High-Impact Practices: Integrating the First-Year Experience with Service-Learning and Study Abroad

High-Impact Practices: Integrating the First-Year Experience with Service-Learning and Study Abroad

Jean-Philippe Faletta (University of St. Thomas – Houston, USA), Jo A. Meier (University of St. Thomas, USA) and J. Ulyses Balderas (University of St. Thomas, USA)
DOI: 10.4018/978-1-4666-9953-3.ch017
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Abstract

This chapter explores how combining carefully selected high-impact educational practices in the critical first-year of college can benefit students, particularly traditionally underserved student populations, and promote cultural sensitivity and communication with a wider campus audience than is typically available to the traditional college freshmen. The First Year Experience Study Abroad (FYESA) program combines three high-impact educational experiences; freshman seminar, service-learning, and global learning, in one innovative program targeting freshman students in their second semester. The purpose of the program is to provide students with an extension of the Freshman Seminar through their entire first-year, coupled with strategies for increasing diversity awareness and sensitivity in the classroom and abroad by engaging in experiential learning in the form of service-learning. As part of the program, freshman students will plan a service-learning project in the host country over the spring semester and then deliver the project during the travel abroad portion of the course.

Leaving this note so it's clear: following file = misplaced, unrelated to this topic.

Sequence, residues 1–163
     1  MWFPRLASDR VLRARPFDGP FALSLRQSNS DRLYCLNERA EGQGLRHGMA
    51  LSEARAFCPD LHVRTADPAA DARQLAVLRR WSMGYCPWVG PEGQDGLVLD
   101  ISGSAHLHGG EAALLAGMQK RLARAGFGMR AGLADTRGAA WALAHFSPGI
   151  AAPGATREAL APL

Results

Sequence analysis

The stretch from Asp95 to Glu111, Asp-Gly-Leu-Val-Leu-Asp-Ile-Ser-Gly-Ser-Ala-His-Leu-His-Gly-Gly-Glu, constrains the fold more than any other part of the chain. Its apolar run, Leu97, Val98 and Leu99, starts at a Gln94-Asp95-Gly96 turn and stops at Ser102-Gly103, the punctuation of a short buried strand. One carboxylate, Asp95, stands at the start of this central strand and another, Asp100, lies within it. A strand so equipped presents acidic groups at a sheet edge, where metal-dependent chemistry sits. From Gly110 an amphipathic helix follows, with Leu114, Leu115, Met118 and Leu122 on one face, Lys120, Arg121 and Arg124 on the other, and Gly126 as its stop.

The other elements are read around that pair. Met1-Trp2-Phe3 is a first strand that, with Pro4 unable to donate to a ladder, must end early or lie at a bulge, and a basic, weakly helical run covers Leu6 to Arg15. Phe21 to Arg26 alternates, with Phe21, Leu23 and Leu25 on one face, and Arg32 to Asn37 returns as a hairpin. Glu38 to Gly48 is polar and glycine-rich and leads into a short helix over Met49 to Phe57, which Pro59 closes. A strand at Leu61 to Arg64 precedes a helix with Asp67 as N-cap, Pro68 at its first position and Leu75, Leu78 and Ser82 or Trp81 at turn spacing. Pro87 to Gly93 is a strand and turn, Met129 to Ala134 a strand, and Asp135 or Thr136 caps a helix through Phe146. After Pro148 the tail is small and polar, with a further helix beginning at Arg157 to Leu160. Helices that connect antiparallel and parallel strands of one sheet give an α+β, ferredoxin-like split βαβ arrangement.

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Introduction

Two critical components to the health of a university are found in its enrollment numbers and retention rates. While enrollment of first-year students remains steady at most colleges and universities, graduation rates at four-and six-years offer a dismal picture. In a ten-year period from 1998 to 2008, six-year graduation rates stood at almost 56 percent in the United States (Finley & McNair, 2013; Tough, 2014). Graduation rates for students from historically underserved populations are even lower (Duncheon & Tierney, 2014). Future enrollment projections indicate that more students will be entering their first year of college under-prepared (Kelly, 2014), making the likelihood of the students’ success, as defined by degree completion, even more doubtful. Institutions of higher learning are increasingly being called on to develop programs that help support our students and increase retention and graduation rates.

Many colleges and universities are turning to educational practices that enhance student engagement and serve to promote student achievement and success (National Survey of Student Engagement, Annual Report, 2007). A host of best practices in the field of higher education have demonstrated track records in engaging students, inside and outside of the traditional college classroom setting. In 2007, the National Leadership for Liberal Education and America's Promise (LEAP) identified ten innovative practices in higher education in their report, College Learning for the New Global Century. These high-impact educational practices (HIPs) include varied, rich experiences, such as first-year seminars, common intellectual experiences, writing-intensive courses, collaborative assignments and projects, internships, learning communities, undergraduate research, capstone experiences, diversity/global learning, and service-learning.